This is mysticism

1. All mystics agree that Ultimate Reality—whether It is called Allah, Brahman, Buddha-nature, En-sof, God, or the Tao—cannot be grasped by thought or expressed in words. (In fact, the word mystic is related to the word mute, both of which derive from the Greek root mustes, meaning “close-mouthed.”)

The Tao which can be named is not the true Tao. —Lao Tzu (Taoist)

The Spirit supreme is immeasurable, inapprehensible, beyond conception, never-born, beyond reasoning, beyond thought. —Upanishads (Hindu)

Words and sentences are produced by the law of causation and are mutually conditioning—they cannot express highest Reality. —The Lankavatara Sutra (Buddhist)

That One which is beyond all thought is inconceivable by all thought. —Dionysius the Areopagite (Christian)

The gnostics know, but what they know cannot be communicated. It is not in the power of the possessors of this most delightful station…to coin a word which would denote what they know. —Ibn ‘Arabi (Muslim)

2. The reason Ultimate Reality cannot be grasped by thought or communicated in words is that thoughts and words, by definition, create distinctions and, hence, duality. Even the simple act of naming something creates duality because it distinguishes the thing that is named from all other things that are left unnamed. However, the mystics of all the great traditions agree that all distinctions are imaginary and that the Ultimate Nature of Reality is non-dual.

In essence things are not two but one. …All duality is falsely imagined. —Lankavatara Sutra (Buddhist)

No matter what a deluded man may think he is perceiving, he is really seeing Brahman and nothing else but Brahman. …This universe, which is superimposed upon Brahman, is nothing but a name. —Shankara (Hindu)

If we will see things truly, they are strangers to goodness, truth and everything that tolerates any distinction. They are intimates of the One that is bare of any kind of multiplicity and distinction. —Meister Eckhart (Christian)

That Oneness is on the other side of descriptions and states. Nothing but duality enters speech’s playing-field. —Rumi (Muslim)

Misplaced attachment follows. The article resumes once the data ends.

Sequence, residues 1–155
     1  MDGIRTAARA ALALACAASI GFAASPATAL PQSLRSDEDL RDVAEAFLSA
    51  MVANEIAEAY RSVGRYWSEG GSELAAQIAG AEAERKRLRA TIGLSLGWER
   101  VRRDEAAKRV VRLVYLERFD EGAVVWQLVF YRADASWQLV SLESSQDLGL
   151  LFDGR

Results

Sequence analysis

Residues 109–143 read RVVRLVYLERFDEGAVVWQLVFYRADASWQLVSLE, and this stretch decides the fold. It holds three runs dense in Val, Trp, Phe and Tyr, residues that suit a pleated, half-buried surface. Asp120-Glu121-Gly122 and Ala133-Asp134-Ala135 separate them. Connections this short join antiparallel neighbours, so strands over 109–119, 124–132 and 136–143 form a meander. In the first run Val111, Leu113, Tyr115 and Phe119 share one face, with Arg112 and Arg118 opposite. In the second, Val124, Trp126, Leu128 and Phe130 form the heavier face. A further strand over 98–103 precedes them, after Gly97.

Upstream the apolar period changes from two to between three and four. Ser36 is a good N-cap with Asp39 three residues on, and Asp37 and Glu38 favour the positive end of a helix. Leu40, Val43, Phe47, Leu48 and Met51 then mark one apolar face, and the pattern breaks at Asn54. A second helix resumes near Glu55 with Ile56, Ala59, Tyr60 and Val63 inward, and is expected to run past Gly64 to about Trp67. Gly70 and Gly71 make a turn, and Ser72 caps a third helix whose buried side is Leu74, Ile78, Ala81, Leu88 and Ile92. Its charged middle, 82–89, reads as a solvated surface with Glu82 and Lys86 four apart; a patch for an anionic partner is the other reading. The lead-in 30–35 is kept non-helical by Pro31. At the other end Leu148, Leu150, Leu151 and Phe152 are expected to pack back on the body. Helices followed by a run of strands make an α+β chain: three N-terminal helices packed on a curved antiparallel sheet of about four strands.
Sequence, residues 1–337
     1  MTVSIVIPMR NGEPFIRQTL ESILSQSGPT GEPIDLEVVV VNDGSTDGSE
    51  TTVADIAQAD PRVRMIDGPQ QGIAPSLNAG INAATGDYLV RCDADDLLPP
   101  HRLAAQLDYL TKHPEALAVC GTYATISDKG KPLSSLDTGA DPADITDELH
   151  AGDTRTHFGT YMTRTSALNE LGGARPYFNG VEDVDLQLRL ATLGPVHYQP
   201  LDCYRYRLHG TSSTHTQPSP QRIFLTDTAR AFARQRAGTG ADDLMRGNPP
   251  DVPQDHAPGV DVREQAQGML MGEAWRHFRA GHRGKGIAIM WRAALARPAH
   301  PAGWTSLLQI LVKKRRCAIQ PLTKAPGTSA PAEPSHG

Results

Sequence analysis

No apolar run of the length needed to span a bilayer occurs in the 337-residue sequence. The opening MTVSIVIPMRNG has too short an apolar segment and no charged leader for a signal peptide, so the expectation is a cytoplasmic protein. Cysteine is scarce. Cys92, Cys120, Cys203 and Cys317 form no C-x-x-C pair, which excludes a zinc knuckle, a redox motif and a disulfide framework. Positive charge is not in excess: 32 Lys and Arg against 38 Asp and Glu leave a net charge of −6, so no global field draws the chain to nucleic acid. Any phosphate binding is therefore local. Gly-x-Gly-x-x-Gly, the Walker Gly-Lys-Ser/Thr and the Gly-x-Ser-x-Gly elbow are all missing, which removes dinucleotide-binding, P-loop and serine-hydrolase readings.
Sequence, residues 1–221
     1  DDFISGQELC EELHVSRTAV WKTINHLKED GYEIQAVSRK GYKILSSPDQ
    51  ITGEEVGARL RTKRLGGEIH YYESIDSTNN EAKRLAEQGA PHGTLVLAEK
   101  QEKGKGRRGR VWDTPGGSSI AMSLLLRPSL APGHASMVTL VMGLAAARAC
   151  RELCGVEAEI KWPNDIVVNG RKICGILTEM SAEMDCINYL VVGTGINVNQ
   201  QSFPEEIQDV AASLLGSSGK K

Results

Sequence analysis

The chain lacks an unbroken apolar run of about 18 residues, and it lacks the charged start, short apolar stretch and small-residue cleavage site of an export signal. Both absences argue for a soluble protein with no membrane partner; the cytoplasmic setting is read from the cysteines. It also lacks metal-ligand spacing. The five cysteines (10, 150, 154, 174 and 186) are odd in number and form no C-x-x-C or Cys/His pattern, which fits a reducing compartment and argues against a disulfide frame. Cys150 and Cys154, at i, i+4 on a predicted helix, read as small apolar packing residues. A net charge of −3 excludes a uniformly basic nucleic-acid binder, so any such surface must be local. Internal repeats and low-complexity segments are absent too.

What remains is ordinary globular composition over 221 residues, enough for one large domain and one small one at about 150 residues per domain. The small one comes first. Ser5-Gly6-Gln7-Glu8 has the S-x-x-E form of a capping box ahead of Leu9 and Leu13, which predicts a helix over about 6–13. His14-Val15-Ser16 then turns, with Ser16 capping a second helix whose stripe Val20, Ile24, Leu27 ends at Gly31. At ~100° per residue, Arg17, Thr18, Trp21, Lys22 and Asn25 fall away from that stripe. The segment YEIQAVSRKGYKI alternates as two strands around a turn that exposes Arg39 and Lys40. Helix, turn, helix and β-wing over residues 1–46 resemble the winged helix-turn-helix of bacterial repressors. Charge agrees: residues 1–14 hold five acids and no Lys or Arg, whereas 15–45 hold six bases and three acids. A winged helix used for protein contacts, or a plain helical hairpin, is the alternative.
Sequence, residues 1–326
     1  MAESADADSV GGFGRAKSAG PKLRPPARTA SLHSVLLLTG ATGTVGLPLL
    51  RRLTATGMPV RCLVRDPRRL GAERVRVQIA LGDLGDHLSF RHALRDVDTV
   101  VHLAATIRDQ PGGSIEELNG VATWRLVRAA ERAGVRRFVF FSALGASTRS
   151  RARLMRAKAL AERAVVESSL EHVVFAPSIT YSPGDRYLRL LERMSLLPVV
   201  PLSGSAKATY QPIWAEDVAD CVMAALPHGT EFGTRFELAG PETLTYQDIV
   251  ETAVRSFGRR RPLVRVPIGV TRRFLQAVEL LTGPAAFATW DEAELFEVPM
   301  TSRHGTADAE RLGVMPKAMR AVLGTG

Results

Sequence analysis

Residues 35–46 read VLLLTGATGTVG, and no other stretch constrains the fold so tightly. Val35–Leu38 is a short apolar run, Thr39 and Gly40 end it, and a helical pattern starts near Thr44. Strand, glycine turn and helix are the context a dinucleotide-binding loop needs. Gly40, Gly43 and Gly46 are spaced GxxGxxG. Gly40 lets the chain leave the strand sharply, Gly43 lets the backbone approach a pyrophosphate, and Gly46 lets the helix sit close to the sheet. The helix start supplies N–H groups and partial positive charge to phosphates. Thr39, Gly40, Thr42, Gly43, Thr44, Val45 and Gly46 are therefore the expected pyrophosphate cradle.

There all things are as one; Distinctions between “life” and “death,” “land” and “sea,” have lost their meaning. —anonymous Hasidic master (Jewish)

3. Although mystics cannot define Ultimate Reality in words, they still use words to point to That which is beyond words. For instance, all mystics agree that, while Ultimate Reality constitutes the true nature of everything, in itself It is nothing.

Neti neti (not this, not that)—Upanishads (Hindu)

Emptiness (shunyata)…is the ultimate nature of everything that exists. —Lama Yeshe (Buddhist)

The myriad creatures in the world are born from Something, and Something from Nothing. —Lao Tzu (Taoist)

It is within our intellects, souls and bodies, in heaven, on earth, and whilst remaining the same in Itself, It is at once in, around and above the world, super-celestial, super-essential, a sun, a star, fire, water, spirit, dew, cloud, stone, rock, all that is; yet It is nothing. —Dionysius the Areopagite (Christian)

He is not accompanied by thingness, nor do we ascribe it to Him. The negation of thingness from Him is one of His essential attributes. —Ibn ‘Arabi (Muslim)

The hidden God, the innermost Being of Divinity so to speak has neither qualities nor attributes. —Gershom Scholem (Jewish)
(Extracts from the ‘Center for sacred sciences’ website. Supremely valuable utterances for our guidance)